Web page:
A computer directs a sequence of activities, senses what it has already done, and modifies its future course of action accordingly. That kind of intelligence has its roots in medieval devices such as windmills which automatically adjusted the pitch of their vanes to adapt to the prevailing winds.2 Another example of such a device is the fly-ball speed governor that James Watt attached to his steam engine, turning that machine into a reliable source of steady power.

Finally, there is a long tradition of techniques that record information; certainly the invention of writing itself, and of printing with movable type in the 15th century in Europe are part of it. The idea of using holes punched in pieces of cardboard to represent and manipulate data was first successfully employed by Herman Hollerith for the 1890 United States Census. (Punched cards had earlier been used in the silk weaving industry to control the pattern made by a loom, but that belongs more to the tradition of automatic control than to that of data storage.) Punched cards are still the backbone of modern data storage, although much faster electronic devices are used in a computer's main store. More modern storage techniques have appeared which may displace the punched card entirely; for example, the use of bar-codes to identify items in a supermarket.

Reckoners, Background, page 0005

Each of those traditions forms a separate block that goes to make up a computer. They are revealed whenever a computer is described by a block diagram that groups its functions together. But each tradition developed separately from the others, with a few exceptions-until the 1930's, when they merged and continued on as one.

Despite the general capabilities of computers, their immediate ancestors were machines that performed arithmetic. But their enormous impact on modem life is due less to their numerical abilities than to their ability to sort and handle large amounts of data, and to their ability to direct their actions intelligently. Nevertheless they bear the legacy of their "calculating" ancestry. The word itself reveals that legacy: before 1935 a "computer" often meant a human being who evaluated algebraic expressions with the aid of a calculating machine. That person (who was often a woman-the job of "computing" was thought of much like typing) would be given a mathematical expression-say a formula that evaluated the solution of a differential equation-plus the numerical values that were plugged into that formula. Depending on the "computer's" prior mathematical training, the instructions given to him or her to evaluate the expression would be more or less detailed.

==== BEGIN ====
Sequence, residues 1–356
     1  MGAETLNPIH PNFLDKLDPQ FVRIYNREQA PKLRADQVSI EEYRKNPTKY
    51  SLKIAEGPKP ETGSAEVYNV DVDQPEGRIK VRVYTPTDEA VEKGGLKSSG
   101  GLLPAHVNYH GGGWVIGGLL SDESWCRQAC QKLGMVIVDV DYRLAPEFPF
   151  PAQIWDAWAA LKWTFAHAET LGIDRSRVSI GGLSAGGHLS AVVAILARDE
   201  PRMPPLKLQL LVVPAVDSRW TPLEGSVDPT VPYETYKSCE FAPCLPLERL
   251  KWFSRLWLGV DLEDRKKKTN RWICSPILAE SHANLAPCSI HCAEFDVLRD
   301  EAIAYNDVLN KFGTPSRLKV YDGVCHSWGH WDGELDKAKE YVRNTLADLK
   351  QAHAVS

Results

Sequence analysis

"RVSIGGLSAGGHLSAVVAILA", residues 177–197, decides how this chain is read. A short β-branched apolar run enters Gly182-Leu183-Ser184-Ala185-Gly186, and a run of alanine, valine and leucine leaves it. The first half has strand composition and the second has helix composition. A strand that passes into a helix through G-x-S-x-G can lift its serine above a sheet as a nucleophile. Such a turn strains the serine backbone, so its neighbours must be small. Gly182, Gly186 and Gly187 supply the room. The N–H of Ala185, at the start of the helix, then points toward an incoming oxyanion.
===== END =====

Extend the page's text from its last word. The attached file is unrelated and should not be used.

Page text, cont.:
These workers had the use of mechanical calculators which performed addition, subtraction, multiplication, and division to an accuracy of eight to ten decimal digits. (These machines are still in common use, as are adding machines that only add or subtract.) The calculators were driven by turning a crank or by a small electric motor, but all arithmetic done in them was mechanical. The person had one other important aid to computation: a pencil and sheets of paper, on which intermediate results were written down for use later on. With only a few exceptions, the mechanical calculators could not store intermediate results.

Taken together, the person, the calculator, the pencil and "scratch" paper, and the list of instructions formed a system which could solve a wide range of numerical problems, as long as the solutions to those problems could be specified as a series of elementary steps. That human and mechanical system was precisely what the first digital computers replaced.3

By 1945 the definition of the word computer had changed to reflect this invention: a computer was no longer a human being but a machine that solved computing problems. The definition of calculator remained unchanged: a device which could perform the four ordinary arithmetic operations, working with no more than two numbers at a time. (The modern definitions are in the same spirit but a little different; see Glossary B.)